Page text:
Since its inception, it brought together prominent intellectuals of the Spanish-speaking Caribbean, English-speaking Caribbean and French-speaking Caribbean, men of the stature of Luiz Suadóaz (Cuba), Argeliers León (Cuba), George Lamming (famous Barbadian writer), Eraclio Zepeda (poet and narrator), Juan Bosh (Dominican Republic), Rafael Murillo (Honduras), Thiago de Mello (poet from Brazil), Guillermo Orozco (Cuba), Martha Jean Claude (Port-au-Prince, Haiti), Miguel Barnet (Cuba), Roberto Fernández Retamar (Cuba), Victor Villegas (Dominican Republic), Gabriel García Márquez (Colombia), Barry Chevannes and Rex Nettleford (Jamaica), Doudou Diane (Senegalese sociologist), Geraldine Chapló (California), among others.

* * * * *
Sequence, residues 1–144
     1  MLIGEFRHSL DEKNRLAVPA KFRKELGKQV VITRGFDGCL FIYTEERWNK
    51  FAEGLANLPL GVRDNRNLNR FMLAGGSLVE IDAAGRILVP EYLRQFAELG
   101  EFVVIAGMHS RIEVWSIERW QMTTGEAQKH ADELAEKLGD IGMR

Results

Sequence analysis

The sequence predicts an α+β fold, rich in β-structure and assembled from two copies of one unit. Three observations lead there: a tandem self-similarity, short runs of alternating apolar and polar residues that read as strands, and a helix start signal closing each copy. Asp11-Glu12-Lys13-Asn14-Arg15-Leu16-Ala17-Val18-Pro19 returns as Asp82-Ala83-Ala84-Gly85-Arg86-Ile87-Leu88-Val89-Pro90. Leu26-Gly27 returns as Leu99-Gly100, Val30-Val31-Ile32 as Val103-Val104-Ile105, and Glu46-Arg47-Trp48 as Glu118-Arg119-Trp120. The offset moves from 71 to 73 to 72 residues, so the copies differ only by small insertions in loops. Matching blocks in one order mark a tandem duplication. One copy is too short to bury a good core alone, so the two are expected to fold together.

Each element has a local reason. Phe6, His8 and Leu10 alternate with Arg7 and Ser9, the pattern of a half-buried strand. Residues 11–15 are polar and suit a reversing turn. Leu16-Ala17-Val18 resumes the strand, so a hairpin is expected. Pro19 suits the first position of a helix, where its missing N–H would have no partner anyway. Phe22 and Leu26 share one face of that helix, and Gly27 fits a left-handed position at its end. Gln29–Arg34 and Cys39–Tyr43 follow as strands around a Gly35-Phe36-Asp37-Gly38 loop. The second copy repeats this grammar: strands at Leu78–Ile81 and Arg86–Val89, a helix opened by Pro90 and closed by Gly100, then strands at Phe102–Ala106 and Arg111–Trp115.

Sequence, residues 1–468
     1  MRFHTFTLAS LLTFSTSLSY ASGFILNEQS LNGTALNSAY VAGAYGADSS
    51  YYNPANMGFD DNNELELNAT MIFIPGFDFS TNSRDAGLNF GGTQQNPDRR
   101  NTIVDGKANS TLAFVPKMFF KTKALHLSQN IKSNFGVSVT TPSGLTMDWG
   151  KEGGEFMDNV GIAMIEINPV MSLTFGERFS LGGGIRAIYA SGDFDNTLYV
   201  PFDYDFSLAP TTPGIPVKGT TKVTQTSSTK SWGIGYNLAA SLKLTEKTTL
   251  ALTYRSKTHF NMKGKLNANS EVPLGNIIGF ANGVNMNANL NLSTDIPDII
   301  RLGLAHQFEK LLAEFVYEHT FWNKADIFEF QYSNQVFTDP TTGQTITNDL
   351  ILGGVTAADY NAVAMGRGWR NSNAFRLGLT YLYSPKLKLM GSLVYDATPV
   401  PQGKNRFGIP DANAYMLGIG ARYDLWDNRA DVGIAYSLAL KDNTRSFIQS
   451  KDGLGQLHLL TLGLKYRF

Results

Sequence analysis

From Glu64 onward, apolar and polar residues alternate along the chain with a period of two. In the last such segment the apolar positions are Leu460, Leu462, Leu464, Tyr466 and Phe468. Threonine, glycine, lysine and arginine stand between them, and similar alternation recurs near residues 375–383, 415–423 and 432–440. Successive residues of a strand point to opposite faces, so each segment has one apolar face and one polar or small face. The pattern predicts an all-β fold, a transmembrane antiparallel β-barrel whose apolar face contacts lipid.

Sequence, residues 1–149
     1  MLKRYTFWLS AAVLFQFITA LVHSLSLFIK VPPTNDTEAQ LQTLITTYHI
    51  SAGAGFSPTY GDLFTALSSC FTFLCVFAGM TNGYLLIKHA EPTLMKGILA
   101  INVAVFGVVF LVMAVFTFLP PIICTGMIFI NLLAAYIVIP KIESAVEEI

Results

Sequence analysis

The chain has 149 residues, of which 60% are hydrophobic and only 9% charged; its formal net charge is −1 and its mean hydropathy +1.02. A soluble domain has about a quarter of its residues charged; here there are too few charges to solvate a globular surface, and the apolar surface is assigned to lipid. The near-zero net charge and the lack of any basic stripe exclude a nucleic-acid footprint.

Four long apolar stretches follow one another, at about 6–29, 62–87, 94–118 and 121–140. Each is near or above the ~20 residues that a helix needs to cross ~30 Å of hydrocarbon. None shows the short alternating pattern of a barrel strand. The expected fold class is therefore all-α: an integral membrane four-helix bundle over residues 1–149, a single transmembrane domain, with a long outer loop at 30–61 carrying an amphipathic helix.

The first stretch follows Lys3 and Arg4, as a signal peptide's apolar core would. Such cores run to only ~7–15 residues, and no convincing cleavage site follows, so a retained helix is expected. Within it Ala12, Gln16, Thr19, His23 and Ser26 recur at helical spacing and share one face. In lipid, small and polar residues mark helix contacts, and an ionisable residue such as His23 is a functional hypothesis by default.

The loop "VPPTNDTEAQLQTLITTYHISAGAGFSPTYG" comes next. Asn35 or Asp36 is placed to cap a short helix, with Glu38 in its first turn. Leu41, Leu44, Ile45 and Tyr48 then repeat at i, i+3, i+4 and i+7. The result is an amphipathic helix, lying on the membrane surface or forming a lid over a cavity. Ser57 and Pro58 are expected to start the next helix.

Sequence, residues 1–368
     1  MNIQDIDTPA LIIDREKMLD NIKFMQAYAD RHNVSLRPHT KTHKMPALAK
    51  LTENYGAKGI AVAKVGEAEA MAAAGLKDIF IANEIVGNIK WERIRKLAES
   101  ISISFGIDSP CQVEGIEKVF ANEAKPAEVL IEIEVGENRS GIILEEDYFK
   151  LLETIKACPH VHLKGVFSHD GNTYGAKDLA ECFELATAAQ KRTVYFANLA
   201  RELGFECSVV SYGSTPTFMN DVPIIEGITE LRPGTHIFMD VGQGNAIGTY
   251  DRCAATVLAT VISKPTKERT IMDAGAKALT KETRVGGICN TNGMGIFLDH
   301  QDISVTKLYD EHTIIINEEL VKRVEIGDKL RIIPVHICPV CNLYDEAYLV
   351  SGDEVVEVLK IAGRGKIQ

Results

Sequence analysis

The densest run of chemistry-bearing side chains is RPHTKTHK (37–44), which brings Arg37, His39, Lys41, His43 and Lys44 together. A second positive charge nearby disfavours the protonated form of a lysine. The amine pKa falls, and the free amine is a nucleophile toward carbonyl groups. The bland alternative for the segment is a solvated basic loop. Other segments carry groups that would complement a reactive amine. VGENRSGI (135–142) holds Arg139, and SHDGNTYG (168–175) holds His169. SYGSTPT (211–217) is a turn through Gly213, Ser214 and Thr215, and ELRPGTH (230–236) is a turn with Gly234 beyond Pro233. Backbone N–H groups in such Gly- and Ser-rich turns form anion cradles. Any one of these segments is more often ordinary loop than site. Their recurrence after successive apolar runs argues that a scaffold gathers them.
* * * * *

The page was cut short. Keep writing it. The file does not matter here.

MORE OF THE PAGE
The Mpaka, the emblem of the festival
Shortly after its inception, La Casa del Caribe instituted an international award to personalities and groups who distinguished themselves through their contribution to the development of popular and traditional culture : the Mpaka. An award which was for the Africans from the Congo a ritual and oracular object. The Mpaka is the main emblem of the Festival and it is given to the representatives of each invited country.
The Festival of Fire always takes place on a fixed date, from July 3 to 9. Seven days, which are preamble of the Santiago carnival and where the city turns into a performance venue for Caribbean arts.